Gene Cernan, Last Man To Walk On The Moon, Dies At 82 : The Two-Way Cernan flew in space three times, took the second American spacewalk, and was just as thrilled to walk on the moon as if he had been the first to do it.
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Gene Cernan, Last Man To Walk On The Moon, Dies At 82

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Gene Cernan, Last Man To Walk On The Moon, Dies At 82

Gene Cernan, Last Man To Walk On The Moon, Dies At 82

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  • <iframe src="https://www.npr.org/player/embed/505928876/510149694" width="100%" height="290" frameborder="0" scrolling="no" title="NPR embedded audio player">
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KELLY MCEVERS, HOST:

The last person to leave footprints on the moon has died at age 82. Gene Cernan was big, brash and gregarious, and if he hadn't been lucky, he could have missed his chance to walk on the moon. NPR's Russell Lewis has this remembrance.

RUSSELL LEWIS, BYLINE: Gene Cernan challenged himself his whole life. When he entered the military, he chose to be a naval aviator. Landing on an aircraft carrier is perhaps the hardest thing to do in aviation. Cernan did it because it wasn't easy. He said he was constantly pushing himself to do better and be better.

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GENE CERNAN: My dad always used to say, just go and do your best. You're not going to be better than everyone at everything, and he was right, I wasn't. But he was also right one other time, and he said, said someday you're going to surprise yourself. Just do your best, and someday you're going to surprise yourself.

UNIDENTIFIED MAN #1: We have ignition - two, one, zero. We have a liftoff. We have a liftoff and it's lighting up the areas. It's just like daylight here at Kennedy Space Center as the Saturn V is moving off the pad.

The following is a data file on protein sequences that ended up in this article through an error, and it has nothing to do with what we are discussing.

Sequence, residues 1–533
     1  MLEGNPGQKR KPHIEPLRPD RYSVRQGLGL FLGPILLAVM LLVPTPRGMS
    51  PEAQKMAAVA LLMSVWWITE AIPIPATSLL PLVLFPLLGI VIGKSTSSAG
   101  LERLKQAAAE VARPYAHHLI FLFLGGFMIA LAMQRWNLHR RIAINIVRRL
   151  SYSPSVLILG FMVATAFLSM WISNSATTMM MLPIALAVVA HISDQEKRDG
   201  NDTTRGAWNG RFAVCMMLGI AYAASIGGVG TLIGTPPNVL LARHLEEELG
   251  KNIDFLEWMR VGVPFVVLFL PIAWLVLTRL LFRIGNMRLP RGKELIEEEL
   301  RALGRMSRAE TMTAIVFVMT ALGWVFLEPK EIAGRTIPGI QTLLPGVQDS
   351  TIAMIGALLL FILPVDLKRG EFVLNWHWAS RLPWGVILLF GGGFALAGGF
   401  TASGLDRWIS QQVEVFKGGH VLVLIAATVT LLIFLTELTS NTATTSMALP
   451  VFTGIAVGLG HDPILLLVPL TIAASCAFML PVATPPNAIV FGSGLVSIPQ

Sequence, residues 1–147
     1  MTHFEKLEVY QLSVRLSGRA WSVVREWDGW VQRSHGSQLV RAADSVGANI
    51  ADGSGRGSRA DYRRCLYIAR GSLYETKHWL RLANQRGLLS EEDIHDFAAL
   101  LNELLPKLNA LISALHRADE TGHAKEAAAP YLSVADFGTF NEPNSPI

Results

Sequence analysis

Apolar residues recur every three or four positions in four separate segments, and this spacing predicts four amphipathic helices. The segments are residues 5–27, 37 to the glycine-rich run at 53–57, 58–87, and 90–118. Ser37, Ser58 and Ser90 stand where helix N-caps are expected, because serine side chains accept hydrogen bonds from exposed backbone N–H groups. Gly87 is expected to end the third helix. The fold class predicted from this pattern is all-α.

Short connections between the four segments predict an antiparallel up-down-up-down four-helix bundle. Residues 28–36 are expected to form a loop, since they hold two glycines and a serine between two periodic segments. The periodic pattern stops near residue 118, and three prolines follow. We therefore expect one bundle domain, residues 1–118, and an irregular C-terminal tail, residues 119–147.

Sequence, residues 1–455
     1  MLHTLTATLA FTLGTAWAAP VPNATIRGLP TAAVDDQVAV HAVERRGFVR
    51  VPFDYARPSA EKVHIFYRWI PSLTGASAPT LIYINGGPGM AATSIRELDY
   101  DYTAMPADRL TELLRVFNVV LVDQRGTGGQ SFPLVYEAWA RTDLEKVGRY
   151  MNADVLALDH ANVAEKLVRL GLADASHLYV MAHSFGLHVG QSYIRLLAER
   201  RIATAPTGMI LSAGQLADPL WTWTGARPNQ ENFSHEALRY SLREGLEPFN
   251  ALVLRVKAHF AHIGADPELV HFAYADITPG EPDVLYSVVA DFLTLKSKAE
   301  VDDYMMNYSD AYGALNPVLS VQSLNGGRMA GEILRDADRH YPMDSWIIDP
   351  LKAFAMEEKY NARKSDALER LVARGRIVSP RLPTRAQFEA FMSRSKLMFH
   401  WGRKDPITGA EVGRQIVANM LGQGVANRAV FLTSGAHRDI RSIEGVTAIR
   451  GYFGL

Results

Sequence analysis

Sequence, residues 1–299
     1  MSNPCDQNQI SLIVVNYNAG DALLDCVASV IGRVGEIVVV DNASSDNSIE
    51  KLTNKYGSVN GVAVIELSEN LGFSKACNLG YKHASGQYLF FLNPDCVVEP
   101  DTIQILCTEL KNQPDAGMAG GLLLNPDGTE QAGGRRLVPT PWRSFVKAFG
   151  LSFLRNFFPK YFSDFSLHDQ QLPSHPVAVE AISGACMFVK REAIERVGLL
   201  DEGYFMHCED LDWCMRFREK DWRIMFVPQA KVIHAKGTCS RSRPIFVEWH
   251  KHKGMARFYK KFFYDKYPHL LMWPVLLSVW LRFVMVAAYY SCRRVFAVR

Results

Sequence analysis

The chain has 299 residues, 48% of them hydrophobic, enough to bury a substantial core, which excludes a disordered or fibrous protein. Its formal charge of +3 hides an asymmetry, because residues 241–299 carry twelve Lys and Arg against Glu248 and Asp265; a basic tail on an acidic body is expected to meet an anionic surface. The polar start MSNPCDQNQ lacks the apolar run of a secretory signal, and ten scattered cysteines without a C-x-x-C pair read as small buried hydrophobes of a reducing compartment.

LEWIS: Cernan's final trip in space was also the final time NASA sent people to the moon - Apollo 17, which took off on December 7, 1972.

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UNIDENTIFIED MAN #2: Apollo 17 now 65 miles high.

CERNAN: OK, four minutes and we're go here, Bob.

UNIDENTIFIED MAN #3: Roger, Gene, we're going around the room, look go here. You're looking real good, Gene, right down the line.

LEWIS: Four days later, Cernan landed the lunar module on the moon with astronaut Jack Schmidt. Cernan couldn't hide his enthusiasm as he exited the spacecraft.

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CERNAN: I'd like to dedicate the first step of Apollo 17 to all those who made it possible. Oh, my God, unbelievable.

LEWIS: Decades later, Gene Cernan reflected on that moment in this 2015 NPR interview.

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CERNAN: The first steps had been made by others long before I got there, but those were my first steps.

LEWIS: Cernan is one of only three people to travel to the moon twice. Dreaming big and working hard were two things Cernan always did. He grew up in Chicago. Neither of his parents went to college, but he got several degrees in engineering. Despite his technical background, Cernan's time on the moon and in space forever altered his life. Cernan said he began to look and think about things differently.

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CERNAN: And when you leave the Earth, it's not only technologically different, it's philosophically different and it's spiritually different.

LEWIS: Many astronauts had difficulty describing what it was actually like to be in space, not in a technical sense, but in finding the words to share that remarkable experience. There's something else about Cernan, he turned down the opportunity to land on the moon during an earlier mission. On that flight, Cernan would have been the pilot, but he wanted to be commander in charge of the mission.

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CERNAN: I proved to myself - as I said, I'd sort of felt like I'd been an underdog most of my life. I proved to myself that I was good enough, that I could get the job done. That was a big point in my life.

LEWIS: Gene Cernan spent his post-NASA life trying to inspire young people. He once said, dream the impossible and go out and make it happen. I walked on the moon, what can't you do? Russell Lewis, NPR News.

(SOUNDBITE OF ABE VIGODA SONG, "DREAM OF MY LOVE - CHASING AFTER YOU")

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